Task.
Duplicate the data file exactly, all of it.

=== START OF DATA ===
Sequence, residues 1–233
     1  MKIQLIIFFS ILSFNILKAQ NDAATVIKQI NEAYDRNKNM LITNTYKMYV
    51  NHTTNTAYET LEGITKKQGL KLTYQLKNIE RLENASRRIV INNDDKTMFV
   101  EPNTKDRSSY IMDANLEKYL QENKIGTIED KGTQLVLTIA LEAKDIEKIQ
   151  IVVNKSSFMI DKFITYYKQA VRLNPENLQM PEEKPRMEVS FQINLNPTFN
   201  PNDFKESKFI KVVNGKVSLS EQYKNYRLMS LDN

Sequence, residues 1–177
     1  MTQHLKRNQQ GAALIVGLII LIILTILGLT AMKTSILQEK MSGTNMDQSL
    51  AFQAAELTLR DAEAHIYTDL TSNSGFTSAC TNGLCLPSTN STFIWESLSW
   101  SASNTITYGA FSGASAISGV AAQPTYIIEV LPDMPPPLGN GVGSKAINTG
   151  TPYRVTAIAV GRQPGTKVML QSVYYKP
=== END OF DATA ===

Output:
Sequence, residues 1–233
     1  MKIQLIIFFS ILSFNILKAQ NDAATVIKQI NEAYDRNKNM LITNTYKMYV
    51  NHTTNTAYET LEGITKKQGL KLTYQLKNIE RLENASRRIV INNDDKTMFV
   101  EPNTKDRSSY IMDANLEKYL QENKIGTIED KGTQLVLTIA LEAKDIEKIQ
   151  IVVNKSSFMI DKFITYYKQA VRLNPENLQM PEEKPRMEVS FQINLNPTFN
   201  PNDFKESKFI KVVNGKVSLS EQYKNYRLMS LDN

Sequence, residues 1–177
     1  MTQHLKRNQQ GAALIVGLII LIILTILGLT AMKTSILQEK MSGTNMDQSL
    51  AFQAAELTLR DAEAHIYTDL TSNSGFTSAC TNGLCLPSTN STFIWESLSW
   101  SASNTITYGA FSGASAISGV AAQPTYIIEV LPDMPPPLGN GVGSKAINTG
   151  TPYRVTAIAV GRQPGTKVML QSVYYKP